In humans, the WASP/WAVE family is divided into two main subfamilies, ie, the WASP subfamily (referred to as WASPs) and WAVE subfamily (referred to as WAVEs). The first member of the WASPs to be identified was WASP itself, mutations of which were found to be the cause of WAS.11

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WAS is an X-linked recessive disorder initially described in patients suffering with thrombocytopenia, eczema, and immunode­ficiency,12 now commonly labeled the clinical triad of WAS symptoms.

Patients exhibit varied severity of symptoms, with some suffering the full classic triad of clinical manifestations and often not surviving until adulthood, whereas others dem­onstrate a milder phenotype and have an improved survival rate.13

Different mutations of the WASP gene have been linked to the varied phenotypes of WAS, with evidence that mutations disrupting the activity of the important functional domains lead to more severe phenotypes.14,15

Family members

A molecule identified in the brain, but widely expressed in different tissues, which shares several functional motifs with WASP, was named neural WASP (nWASP) and is the second member of the WASP subfamily.16

WAVE1 (also referred to as Scar1, suppressor of cAR1) was first identified in 1998 as a regulator of the actin cytoskeleton through interactions with Arp2/3 downstream of Rac.17,18

Following identification of WAVE1, two further WAVE homologs, which were also found to associate with the Arp2/3 complex, were characterized and named WAVE2 and WAVE3.19

Novel members of the WASP/WAVE family have recently been identified based on the resemblance between characteristic domains in their pro­tein structure. These are WASP and SCAR homolog, WASP homolog associated with actin, membranes, and microtu­bules, and junction mediating and regulatory protein.20–22


nWASP shares several multifunctional domains with WASP, including the WASP homology domain, GTPase-binding domain/Cdc42, and Rac interactive binding (GBD/CRIB) domain, a proline-rich region and VCA domain consisting of a verprolin-homology (V) region, a cofilin-like (C) region, and an acidic (A) region (Figure 1B, adapted from Takenawa and Suetsugu9).

The WAVE family consists of WAVE1, WAVE2, and WAVE3, all of which have a WAVE homol­ogy domain but lack the GBD/CRIB domain and, like the WASPs, have a basic region, a proline-rich region, and a VCA domain.23

Endogenous WAVEs assemble into a heterologous, multimolecular complex referred to as the WAVE complex. The multiprotein complex associated with WAVE1 was first described as comprising several components, namely, p53-inducible messenger RNA (also called Rac2 associated protein/Sra1), NCK-associated protein, hematopoietic stem/progenitor cell protein 300, and Abl interactor 2.24

Complexes consisting of the same proteins, or their paralogs, as described for the WAVE1 complex were later identified for WAVE2 and WAVE3 as well.25–27

Activation of the WASP/WAVE family

The WASP/WAVE family regulates actin dynamics through interactions with many other factors, in particular, the Arp2/3 complex. Arp2/3 becomes activated when bound to the CA region on the C-terminal of WASP/WAVE proteins and initiates actin polymerization when bound in conjunction with an actin monomer binding to the V region.18,23,28,29 This interaction is the most important in terms of WASP func­tion, but many other binding partners regulate WASP and WAVE activation.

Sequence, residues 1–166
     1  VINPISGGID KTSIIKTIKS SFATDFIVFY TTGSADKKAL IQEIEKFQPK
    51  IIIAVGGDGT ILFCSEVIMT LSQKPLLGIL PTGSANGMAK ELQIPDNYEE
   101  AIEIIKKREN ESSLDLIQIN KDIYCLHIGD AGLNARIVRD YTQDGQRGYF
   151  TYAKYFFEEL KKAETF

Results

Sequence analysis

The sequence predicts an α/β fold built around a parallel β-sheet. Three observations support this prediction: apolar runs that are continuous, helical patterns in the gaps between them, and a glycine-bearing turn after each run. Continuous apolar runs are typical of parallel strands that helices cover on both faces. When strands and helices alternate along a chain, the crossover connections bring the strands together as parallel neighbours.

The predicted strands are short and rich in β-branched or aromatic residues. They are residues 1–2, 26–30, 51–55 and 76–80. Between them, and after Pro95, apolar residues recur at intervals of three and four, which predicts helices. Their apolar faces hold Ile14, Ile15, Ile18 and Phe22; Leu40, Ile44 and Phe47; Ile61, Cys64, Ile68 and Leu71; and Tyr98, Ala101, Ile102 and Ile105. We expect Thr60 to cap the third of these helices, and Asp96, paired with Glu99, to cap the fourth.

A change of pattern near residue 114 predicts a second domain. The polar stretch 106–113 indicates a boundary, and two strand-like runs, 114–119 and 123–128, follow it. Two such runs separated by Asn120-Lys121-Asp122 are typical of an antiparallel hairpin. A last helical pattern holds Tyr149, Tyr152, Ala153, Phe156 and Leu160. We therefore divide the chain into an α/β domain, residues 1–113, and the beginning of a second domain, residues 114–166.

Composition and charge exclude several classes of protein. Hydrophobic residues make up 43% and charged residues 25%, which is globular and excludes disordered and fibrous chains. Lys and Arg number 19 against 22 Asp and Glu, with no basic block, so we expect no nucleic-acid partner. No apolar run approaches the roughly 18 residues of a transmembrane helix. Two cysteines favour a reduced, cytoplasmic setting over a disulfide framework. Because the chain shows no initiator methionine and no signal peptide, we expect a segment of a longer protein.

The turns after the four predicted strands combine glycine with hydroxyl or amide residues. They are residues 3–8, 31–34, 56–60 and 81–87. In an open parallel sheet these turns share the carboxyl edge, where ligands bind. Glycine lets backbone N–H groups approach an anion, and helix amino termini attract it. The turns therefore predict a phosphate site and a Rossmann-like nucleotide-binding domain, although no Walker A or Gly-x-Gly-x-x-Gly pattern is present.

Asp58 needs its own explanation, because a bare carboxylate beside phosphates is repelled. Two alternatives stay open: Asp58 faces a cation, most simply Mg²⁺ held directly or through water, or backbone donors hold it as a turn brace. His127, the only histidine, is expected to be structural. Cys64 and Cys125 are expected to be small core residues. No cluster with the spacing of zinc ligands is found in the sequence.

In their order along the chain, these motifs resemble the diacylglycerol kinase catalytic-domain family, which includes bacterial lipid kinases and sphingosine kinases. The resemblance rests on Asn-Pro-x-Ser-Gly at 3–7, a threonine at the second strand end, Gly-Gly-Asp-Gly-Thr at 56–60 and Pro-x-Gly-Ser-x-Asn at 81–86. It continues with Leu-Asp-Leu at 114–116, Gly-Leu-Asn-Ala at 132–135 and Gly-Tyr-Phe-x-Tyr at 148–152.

Under resting conditions, nWASP and WASP exist in an autoinhibited, folded conformation where an interaction between the GBD domain in the N-terminal region and the C-terminus masks the VCA region. This interaction inhibits access of the Arp2/3 complex to the CA region and so WASP and nWASP remain inactive.30,31

The competitive binding of ligands such as Rho GTPase, Cdc42, and phosphati­dylinositol 4,5-bisphosphate (PIP2) with WASPs can disrupt the interactions between the C-termini and N-termini that mask the VCA region. Cdc42 binds to GBD and PIP2 can interact with the basic region.

Either of these interactions can destabilize the autoinhibited conformation of WASPs and enhance the binding of the other ligand, leading to exposure of the VCA region and activation of WASP family proteins.32,33

The mechanism of activation of WAVEs has been the subject of debate for many years. It is now clear that the native form of WAVEs, in a multiprotein complex, is inac­tive with inhibited actin polymerization ability.34

This has been confirmed by studies examining the reconstitution of the WAVE complex and purified native WAVE complexes. These independent reports also suggest that WAVEs are inhibited in a similar fashion to WASPs, ie, through masking of the VCA region by interactions in the WAVE complex.35,36

Since WAVEs do not possess a GBD like WASPs, they do not directly interact with Rho-GTPases; however, they do act as downstream effectors of the Rho-GTPase Rac, as well as other signals.17 A conformational change brought about by Rac binding to the Sra component of the WAVE complex seems to release the VCA region.35

Phosphatidylinositol (3,4,5)-trisphosphate (PIP3) has also been implicated in the mechanism of activation of WAVEs. It has been shown that PIP3 recruits the WAVE complex to the plasma membrane through binding to the basic domain of WAVE2 and acts in synergy with IRSp53 (also called brain-specific angio­genesis inhibitor 1-associated protein 2) to activate WAVE2 through Rac activity.37,38

For comprehensive information on the mechanisms of activation of the WASP/WAVE family, see reviews that have covered this in more detail.9,39